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    Interview with Vice President Leni Robredo Wake Up With Jim and Saab Podcast Episode 162 Hosts: Jim Bacarro and Saab Magalona-Bacarro

    JIM AND SAAB: Welcome to Wake Up With Jim and Saab Podcast!


    JIM BACARRO: Okay, I think among all episodes—if you’ve never listened to our podcast—I think this is the only one that you should listen to. We have the Vice President of the Philippines.




    JIM BACARRO: Hi, Jim and Saab!




    JIM BACARRO: So, we’d like to start. We just want to share, ako, personally, we want to say na thank you for being our source of sanity during this time kasi we’ve been pushing in our podcast that we should be responsible with our mental health but at the same time continue educating ourselves about what’s happening, the pandemic. And we just want to say, we commend you and we thank you because—


    SAAB MAGALONA-BACARRO: You and your team.


    JIM BACARRO: You and your team [have] been our source of information, comfort, and guidance during this time.


    VP LENI: Hindi, ako, thank you din. Thank you, Jim and Saab. I told you even before that I have been watching you podcast already and nakikita ko talaga how committed you are to helping hindi lang iyong sa mental health pero iyong bringing about social change. Iyong sa akin, iyong episodes niyo, pati iyong IG ni Saab I follow also, sa amin din, source of, lalo na iyong mga bata, when your entries are about Pancho and Vito sobrang good vibes. So maraming salamat din. And Saab, thank you for volunteering to be one of our talents in one of our videos—




    VP LENI: —for our initiatives with the education.


    SAAB MAGALONA-BACARRO: Oh yes, of course. It’s my pleasure, VP. So I think, sana… you know, kayo talaga deserving kayo of good sleep. Sana masarap ang tulog niyo kagabi and I wanted to ask, like, how many hours a night do you usually get to sleep?


    VP LENI: Ako, Saab, on an average siguro mga five—five to six hours of sleep. Iyon iyong aking average. There are times when I get to sleep seven, eight hours, sobrang bonus na iyon. And it’s very, very seldom that I get that much sleep. So ako, averaging five to six hours siguro.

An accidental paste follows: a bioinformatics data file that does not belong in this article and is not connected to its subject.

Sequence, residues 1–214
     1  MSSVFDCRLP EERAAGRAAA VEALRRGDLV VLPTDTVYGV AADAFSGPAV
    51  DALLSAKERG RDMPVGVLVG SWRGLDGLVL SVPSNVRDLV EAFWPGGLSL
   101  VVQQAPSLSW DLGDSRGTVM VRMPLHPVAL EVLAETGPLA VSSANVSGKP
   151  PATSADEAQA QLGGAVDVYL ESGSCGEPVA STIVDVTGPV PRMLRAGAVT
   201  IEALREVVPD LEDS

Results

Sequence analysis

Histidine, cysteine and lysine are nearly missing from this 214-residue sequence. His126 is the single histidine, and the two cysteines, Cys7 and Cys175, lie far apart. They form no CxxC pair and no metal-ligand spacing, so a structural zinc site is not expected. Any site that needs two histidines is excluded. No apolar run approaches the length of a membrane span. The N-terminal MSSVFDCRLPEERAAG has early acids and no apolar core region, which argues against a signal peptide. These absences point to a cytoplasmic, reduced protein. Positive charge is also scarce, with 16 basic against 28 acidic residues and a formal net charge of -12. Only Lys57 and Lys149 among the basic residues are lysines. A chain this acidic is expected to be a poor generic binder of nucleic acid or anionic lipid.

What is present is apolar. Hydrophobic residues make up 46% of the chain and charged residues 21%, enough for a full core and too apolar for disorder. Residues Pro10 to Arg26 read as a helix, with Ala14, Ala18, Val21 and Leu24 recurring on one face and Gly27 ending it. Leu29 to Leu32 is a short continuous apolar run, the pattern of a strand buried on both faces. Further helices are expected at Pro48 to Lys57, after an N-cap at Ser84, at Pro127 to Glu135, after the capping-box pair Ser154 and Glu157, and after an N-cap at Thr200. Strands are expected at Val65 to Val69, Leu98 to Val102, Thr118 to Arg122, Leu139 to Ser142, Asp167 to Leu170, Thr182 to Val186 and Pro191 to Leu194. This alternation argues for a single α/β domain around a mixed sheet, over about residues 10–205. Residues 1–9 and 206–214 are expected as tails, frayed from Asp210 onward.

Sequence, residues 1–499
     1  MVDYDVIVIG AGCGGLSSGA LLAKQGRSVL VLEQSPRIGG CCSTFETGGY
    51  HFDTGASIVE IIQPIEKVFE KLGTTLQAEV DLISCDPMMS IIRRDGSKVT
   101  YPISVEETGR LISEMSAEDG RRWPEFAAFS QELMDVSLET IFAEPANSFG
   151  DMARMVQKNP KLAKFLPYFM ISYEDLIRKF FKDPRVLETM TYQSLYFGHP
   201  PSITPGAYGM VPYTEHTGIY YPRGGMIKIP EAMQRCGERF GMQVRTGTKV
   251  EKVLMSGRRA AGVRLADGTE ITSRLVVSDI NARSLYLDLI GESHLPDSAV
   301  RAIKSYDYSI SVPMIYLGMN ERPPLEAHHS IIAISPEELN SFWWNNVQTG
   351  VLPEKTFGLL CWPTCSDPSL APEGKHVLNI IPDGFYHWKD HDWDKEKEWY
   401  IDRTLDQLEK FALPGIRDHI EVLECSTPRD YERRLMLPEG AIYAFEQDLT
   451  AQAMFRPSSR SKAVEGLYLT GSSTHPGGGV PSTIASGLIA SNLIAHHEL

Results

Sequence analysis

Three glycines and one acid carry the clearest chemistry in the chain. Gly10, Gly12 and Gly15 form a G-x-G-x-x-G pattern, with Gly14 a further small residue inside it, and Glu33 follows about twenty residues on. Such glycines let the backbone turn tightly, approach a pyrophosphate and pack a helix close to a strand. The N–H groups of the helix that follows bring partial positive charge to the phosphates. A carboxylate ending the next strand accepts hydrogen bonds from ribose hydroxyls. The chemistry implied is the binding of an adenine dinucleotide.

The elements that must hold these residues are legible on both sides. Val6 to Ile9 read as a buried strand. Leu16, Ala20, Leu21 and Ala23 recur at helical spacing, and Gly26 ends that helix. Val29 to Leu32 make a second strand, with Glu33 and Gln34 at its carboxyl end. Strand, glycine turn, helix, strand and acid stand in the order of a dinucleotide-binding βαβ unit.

SAAB MAGALONA-BACARRO: Okay, okay. That’s a—I mean I was thinking baka you didn’t get enough sleep because of all the stuff that you’re able to achieve in a day so… Speaking of which, I wanted to know if you could share, what is your morning routine? What time do you usually wake up and are you as crazy about like a set of routine as some people?


    VP LENI: [laughter] Ako, ako, sa akin, it changes, it was so different pre-pandemic because pre-pandemic, my second daughter, si Tricia, was still a student. She was an intern. So when she has duty na very early in the morning, I make sure that I wake up ahead of her so that I can take care of her baon, I can take care of all of her needs. Pero during the pandemic kasi parang so many things changed.  I don’t… I don’t wake up as early as I used to. Kasi before mga 5:30 AM I’m up. Pero ngayon parang ano na, mas between 6:30 to 7 AM na ako gumigising because Tricia is out of school already. She’s out of school already. She still does hospital duty pero not as intense as before. Tapos ano, I don’t go to the office as early as I did before. Kasi before I will be here mga 8:00 o’clock in the morning so mga 6:30 AM nag-aayos na ako. Pero ngayon, ngayon, especially from March last year until siguro mga December last year, I would go mga 10 o’clock in the morning kasi skeleton staff kami. But starting January this year, parang bumabalik na nang kaunti to normal so I’m here ulit. Kanina I was here 8:00 o’clock. So between 8:00 and 9:00 AM I’m here already. So paggising ko, I take care of the stuff for the kids—hindi na nga kids kasi 20, 30s na iyong mga anak ko pero I still look at them as young children. Ngayon, I would have time to hear mass online. Nakakapagkape ako. Dati, nakakapagkape ako dito lang sa opisina kasi laging nagmamadali.


    So during the pandemic, parang I’m not here in the office as long as I used to. Kasi dati, nakakalabas ako madilim na. Ngayon kasi we make it a point na, parang between 5:00 and 6:00 in the evening, makauwi na iyong mga tao kasi we shuttle them now because mahirap pa iyong transport, ‘di ba. If I’m here late, hindi rin sila nakakauwi kasi hinihintay nila ako. So ngayon, I try to get out of the office at least by 5:00 o’clock.




    JIM BACARRO: Question, VP, kasi actually, iyong sa podkids namin, you know, these kids are very addicted to different productivity hacks, productivity apps. Is there a certain app that you use that you think like, “oh my gosh, kailangan ko talaga ito”?


    SAAB MAGALONA-BACARRO: Or do you still use a pen and notebook—